Study Shows People 'Like' on Internet What Other People 'Like'

Geo Beats
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 When someone likes a comment or article online, other readers are more likely to agree with that sentiment. 

When someone likes a comment or article online, other readers are more likely to agree with that sentiment.
According to a study from researchers at Massachusetts Institute of Technology’s Sloan School of Management, using a website that was undisclosed, when a thread comment was given a positive vote, it eventually garnered 25 percent more approval.

Sinan Aral, an associate professor at the MIT Sloan School of Management said: “it’s hard to distinguish the effect of high quality from the effect of social influence bias. It could be that past positive ratings have snowballed to create a high score, or it could just be that those items likely to get high scores are just of high quality.”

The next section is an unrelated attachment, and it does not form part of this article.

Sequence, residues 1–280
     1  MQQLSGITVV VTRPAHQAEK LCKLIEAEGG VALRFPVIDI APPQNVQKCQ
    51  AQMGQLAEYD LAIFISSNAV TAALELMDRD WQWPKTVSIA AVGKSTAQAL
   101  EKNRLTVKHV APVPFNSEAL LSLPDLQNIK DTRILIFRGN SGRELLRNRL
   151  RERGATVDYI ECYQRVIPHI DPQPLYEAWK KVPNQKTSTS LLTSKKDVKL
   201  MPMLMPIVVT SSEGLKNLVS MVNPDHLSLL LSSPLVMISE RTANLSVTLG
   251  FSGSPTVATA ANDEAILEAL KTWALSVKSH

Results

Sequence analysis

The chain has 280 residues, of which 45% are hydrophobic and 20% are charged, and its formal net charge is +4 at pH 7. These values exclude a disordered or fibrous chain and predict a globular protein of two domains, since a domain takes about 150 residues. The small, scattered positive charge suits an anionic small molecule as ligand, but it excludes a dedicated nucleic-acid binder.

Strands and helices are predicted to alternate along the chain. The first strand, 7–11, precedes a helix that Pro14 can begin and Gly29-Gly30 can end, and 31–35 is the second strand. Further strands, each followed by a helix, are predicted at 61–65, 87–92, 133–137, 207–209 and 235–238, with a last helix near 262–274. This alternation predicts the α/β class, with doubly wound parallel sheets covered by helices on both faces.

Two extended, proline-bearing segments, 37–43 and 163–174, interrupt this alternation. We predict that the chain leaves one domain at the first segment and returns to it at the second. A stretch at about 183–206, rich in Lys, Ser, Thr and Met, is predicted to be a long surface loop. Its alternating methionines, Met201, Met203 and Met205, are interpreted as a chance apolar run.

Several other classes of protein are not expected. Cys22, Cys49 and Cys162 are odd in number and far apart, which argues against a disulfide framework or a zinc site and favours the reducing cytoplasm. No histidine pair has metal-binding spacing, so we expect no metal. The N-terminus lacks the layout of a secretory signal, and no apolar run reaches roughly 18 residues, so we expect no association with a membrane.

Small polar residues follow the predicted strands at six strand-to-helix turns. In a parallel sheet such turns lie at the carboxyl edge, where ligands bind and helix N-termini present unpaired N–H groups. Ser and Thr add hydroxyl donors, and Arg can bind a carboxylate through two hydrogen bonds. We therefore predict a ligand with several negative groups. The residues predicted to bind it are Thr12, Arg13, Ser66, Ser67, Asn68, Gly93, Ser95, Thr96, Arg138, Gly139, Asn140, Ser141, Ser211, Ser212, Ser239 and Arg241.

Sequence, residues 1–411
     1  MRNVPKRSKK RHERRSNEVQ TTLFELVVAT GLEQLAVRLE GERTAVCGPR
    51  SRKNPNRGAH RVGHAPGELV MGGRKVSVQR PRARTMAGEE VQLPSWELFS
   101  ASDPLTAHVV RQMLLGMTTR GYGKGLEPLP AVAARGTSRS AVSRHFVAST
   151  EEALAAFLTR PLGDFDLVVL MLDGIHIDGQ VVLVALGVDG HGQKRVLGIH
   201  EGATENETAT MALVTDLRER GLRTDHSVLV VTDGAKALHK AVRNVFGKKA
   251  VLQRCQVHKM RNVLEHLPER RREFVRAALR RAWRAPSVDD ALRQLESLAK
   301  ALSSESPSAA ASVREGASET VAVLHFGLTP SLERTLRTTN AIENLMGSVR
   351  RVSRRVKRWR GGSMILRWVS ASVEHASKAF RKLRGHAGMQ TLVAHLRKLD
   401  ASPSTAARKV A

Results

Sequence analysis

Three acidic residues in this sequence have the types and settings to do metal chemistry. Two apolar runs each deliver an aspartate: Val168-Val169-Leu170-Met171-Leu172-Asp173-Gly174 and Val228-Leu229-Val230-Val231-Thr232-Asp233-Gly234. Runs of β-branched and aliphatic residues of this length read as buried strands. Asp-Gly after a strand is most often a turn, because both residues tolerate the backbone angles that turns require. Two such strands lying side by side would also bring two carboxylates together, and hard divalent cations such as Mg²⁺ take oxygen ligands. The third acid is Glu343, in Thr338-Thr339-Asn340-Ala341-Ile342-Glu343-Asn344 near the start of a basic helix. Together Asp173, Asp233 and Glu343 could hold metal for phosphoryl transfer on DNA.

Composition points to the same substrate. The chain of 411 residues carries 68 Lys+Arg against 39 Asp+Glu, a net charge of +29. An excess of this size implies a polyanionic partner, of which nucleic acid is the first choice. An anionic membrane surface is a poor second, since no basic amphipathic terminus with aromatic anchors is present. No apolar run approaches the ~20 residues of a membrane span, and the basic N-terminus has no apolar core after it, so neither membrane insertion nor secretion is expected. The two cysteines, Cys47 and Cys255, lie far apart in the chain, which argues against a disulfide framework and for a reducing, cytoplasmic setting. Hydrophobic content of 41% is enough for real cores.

As part of the study, researchers manipulated the ratings by adding positive or negative votes to reader’s comments on article threads.

Researchers then tracked the reactions of other readers, and found that people were 32 percent more inclined to like the comment if it already had positive votes.

Comments that had initially been given a negative vote or left neutral had scores similar to the control group that was left alone, and surprisingly even saw people add positive votes to correct the negativity.

1 comment

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By guifreerdosu1987 October